IATA also calculates volume with a distance component — cargo ton-kilometers — so if the share of the long-distance route increases, the IATA numbers increase even if the same tonnage is moved. Clive Data gets its capacity data directly from airlines. The difference in capacity calculations comes from Clive counting the number of metric tons available to cargo per flight and IATA using available cargo ton-kilometers, a metric that combines weight and distance components.

Continued economic expansion, particularly in manufacturing output and export orders, bodes well for airfreight going forward because global inventories remain low and air is the fastest way to restock, especially when delivery times are longer than usual. The market is expected to tighten further as retailers push to receive merchandise in time for Black Friday and Christmas, as well as Singles Day in China.

“Many of the economic indicators point to a strong year-end peak season. With international travel still severely depressed, there are fewer passenger planes offering belly capacity for cargo. And supply chain bottlenecks could intensify as businesses continue to ramp up production,” said IATA Director General Willie Walsh. “The rapid slowdown in the domestic traffic recovery in August . . . shows how exposed air travel continues to be to the cycles of COVID-19. For governments that should send two messages. The first is that this is not the time to step away from continuing support of the industry, both financial and regulatory. The second is the need to apply a risk-based approach to managing borders–as passengers are already doing in making their travel decisions.”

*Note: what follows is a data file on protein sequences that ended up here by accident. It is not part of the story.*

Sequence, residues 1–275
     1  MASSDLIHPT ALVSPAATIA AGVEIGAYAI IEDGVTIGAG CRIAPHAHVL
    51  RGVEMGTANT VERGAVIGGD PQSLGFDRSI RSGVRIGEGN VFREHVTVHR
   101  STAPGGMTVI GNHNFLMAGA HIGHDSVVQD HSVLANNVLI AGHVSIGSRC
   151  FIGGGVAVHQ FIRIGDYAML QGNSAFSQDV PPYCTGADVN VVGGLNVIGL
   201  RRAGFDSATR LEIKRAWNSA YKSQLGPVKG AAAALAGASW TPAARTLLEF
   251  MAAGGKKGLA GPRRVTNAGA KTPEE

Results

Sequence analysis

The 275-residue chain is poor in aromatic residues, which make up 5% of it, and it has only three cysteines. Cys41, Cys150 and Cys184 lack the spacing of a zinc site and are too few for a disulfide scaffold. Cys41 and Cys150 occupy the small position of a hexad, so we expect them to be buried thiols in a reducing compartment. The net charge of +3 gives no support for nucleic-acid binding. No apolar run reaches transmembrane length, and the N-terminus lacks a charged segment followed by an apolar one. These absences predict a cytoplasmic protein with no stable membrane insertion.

North America remains the strongest market, with carriers there posting an 18% increase in international cargo volume during August. But capacity decreased 6.6% and there are signs it could get worse with productivity at many Chinese airports cut because of limits on workforce size due to COVID, and several airlines, such as Taiwan’s EVA Air, canceling flights because of infected pilots.

Asia-Pacific and European carriers experienced 3% and 6% increases, respectively, in international cargo volumes during August compared to the same month in 2019. Latin America has had difficulty attracting freighter aircraft, and with passenger networks severely reduced, cargo volumes fell 14% in August.

Click here for more FreightWaves/American Shipper stories by Eric Kulisch.


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Eric Kulisch

Eric is the Supply Chain and Air Cargo Editor at FreightWaves. An award-winning business journalist with extensive experience covering the logistics sector, Eric spent nearly two years as the Washington, D.C., correspondent for Automotive News, where he focused on regulatory and policy issues surrounding autonomous vehicles, mobility, fuel economy and safety. He has won two regional Gold Medals from the American Society of Business Publication Editors for government coverage and news analysis, and was voted best for feature writing and commentary in the Trade/Newsletter category by the D.C. Chapter of the Society of Professional Journalists. As associate editor at American Shipper Magazine for more than a decade, he wrote about trade, freight transportation and supply chains. Eric is based in Portland, Oregon. He can be reached for comments and tips at [email protected]